WASHINGTON — Human rights advocates are raising questions about President Obama's visit with President Thein Sein of Burma on Monday, the first visit of a Burmese head of state to the White House in nearly 50 years, because despite the country's moves toward democracy, human rights abuses there haven't abated.
"Amnesty International is not against high-level engagement with the government of Myanmar," said Frank Jannuzi, the head of Amnesty International's Washington office. "But we think it's essential that this not be a 'mission accomplished' moment. There is enormous work to be done in Myanmar to address continuing human rights violations and build the rule of law, transparency, and accountability. We hope both presidents will focus on the work ahead, rather than patting themselves on the backs for a job well done."
Burma — the name preferred by the military junta is Myanmar, and the White House referred to the country as such in its announcement of the visit despite a policy against using the name — has made some democratic reforms recently, including the release of over 400 political prisoners. But the country still represses religious freedom, and military forces reportedly engaged in some of the gruesome violence last year against the Rohingya ethnic group, who are Muslim and have not been granted citizenship in Burma. A Human Rights Watch report from April alleges that "The Burmese government engaged in a campaign of ethnic cleansing against the Rohingya that continues today through the denial of aid and restrictions on movement" and that 125,000 Muslims have been displaced and unable to return home.
But as Burma becomes more democratic and prosperous, its strategic value in the region from a U.S. perspective increases.
"There's a strategic dimension to the Obama admnistration's outreach to Burma," Jannuzi said. "That motivation cannot trump a commitment to human rights. Myanmar will not be much of a friend to the U.S. if it continues to violate the human rights of its own people."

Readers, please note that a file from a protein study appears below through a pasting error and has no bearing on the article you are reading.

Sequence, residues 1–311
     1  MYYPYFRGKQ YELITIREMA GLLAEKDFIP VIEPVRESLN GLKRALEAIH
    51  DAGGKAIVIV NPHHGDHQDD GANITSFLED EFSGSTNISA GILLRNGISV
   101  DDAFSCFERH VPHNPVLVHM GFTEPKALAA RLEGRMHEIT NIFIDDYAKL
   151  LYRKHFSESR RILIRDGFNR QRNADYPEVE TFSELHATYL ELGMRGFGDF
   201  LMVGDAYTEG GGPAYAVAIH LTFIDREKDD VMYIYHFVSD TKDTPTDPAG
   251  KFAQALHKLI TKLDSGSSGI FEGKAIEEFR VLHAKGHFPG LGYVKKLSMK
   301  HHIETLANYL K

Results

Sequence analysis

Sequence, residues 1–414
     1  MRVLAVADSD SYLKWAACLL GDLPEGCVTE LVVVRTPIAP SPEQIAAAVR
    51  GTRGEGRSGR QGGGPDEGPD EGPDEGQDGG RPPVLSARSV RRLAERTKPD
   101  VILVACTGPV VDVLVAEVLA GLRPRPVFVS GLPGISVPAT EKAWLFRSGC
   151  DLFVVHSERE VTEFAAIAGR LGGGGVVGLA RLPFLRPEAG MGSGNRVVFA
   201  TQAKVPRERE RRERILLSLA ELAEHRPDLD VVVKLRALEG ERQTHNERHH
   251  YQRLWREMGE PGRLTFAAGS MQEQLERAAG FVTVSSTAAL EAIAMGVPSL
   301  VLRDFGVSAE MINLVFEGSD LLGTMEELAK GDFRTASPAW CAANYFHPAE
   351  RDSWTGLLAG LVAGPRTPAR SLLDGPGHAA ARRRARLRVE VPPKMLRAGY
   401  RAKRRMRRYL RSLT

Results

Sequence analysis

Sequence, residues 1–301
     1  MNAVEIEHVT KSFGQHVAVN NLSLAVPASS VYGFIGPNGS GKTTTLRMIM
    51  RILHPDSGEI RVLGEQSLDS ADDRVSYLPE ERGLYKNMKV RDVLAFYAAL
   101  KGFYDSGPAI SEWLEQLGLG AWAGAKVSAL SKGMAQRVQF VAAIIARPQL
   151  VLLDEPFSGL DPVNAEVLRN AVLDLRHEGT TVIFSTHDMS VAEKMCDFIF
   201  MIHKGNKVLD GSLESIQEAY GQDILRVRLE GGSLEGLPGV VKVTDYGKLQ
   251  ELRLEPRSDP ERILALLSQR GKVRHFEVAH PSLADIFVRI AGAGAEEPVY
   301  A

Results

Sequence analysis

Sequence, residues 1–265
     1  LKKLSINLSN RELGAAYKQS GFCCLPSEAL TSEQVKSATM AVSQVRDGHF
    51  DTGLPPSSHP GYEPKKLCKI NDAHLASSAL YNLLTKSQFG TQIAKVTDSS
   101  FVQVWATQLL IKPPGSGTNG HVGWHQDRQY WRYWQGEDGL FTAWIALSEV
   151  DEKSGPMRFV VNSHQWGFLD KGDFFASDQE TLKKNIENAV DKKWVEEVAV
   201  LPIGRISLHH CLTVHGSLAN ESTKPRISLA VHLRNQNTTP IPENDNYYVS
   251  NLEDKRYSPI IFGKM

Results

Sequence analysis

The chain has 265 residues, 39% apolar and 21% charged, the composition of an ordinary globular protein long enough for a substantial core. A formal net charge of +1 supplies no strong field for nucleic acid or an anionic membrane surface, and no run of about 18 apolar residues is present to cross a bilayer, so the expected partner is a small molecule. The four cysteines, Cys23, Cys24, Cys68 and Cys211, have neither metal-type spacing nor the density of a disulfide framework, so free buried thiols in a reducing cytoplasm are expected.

Jannuzi said he had met with the Burmese president at a small dinner hosted by Johns Hopkins' Center for Strategic and International Studies on Sunday night, and that Thein Sein had "seemed receptive and aware of these challenges. The tricky thing for him is in addressing the tough ones — the tough challenges are those around accountability and justice. Many in the armed forces have been responsible for gross human rights violations over a period of decades."
Jannuzi had a warning for those looking to invest in Burma, as well.
"There were lot of businesspeople in the room last night," he said. "Amnesty International has emphasized that it's incumbent upon those who seek economic opportunity in Burma to go in with their eyes wide open and to focus on transparency as a guiding principle for any investment in Burma."
The meeting with Obama has so angered the U.S. Campaign for Burma, an advocacy group based in Washington, that they staged a protest in front of the White House on Monday.
A spokesperson for the group said they had about two dozen protestors and were hoping to attract more. In a press release, the group expressed "dismay" over the visit and accused Obama of ignoring "Thein Sein's role, as head of state, in the abuses against the Rohingya, Muslims, escalating military campaigns against the Kachin, Shan, and Karen, and the government's extensive land seizures to secure lucrative foreign investment deals."
In an op-ed in The New York Times on Monday, José Ramos Horta, the head of the UN peacekeeping office in Guinea-Bissau; Muhammad Yunus, the Bangladeshi Nobel Peace Prize winner; and Benedict Rogers, a human rights advocate and author of a book on Burma, all urge President Obama to press Thein Sein on the many reforms the country has yet to make.
"In his discussions with Thein Sein, President Obama has a long list of issues to raise. If democracy is to take root, he must emphasize an end to ethnic and religious conflict and respect for human rights. These can only be achieved by a concerted and sincere effort by Thein Sein's government," the authors write.
On the same day of the meeting, the State Department has put out its annual religious freedom report, which criticizes Burma for its treatment of religious minorities.
"Religious activities and organizations were subject to restrictions on freedom of expression, association, and assembly," the report wrote. "The government continued to monitor the meetings and activities of some organizations, including religious organizations. Societal abuses and discrimination based on a mix of ethnicity and religious affiliation, belief, or practice occurred."
The messaging contrasts oddly with the White House announcement of the visit from last week, which lightly touched on Burma's problems: "The President looks forward to discussing with President Thein Sein the many remaining challenges to efforts to develop democracy, address communal and ethnic tensions, and bring economic opportunity to the people of his country, and to exploring how the United States can help."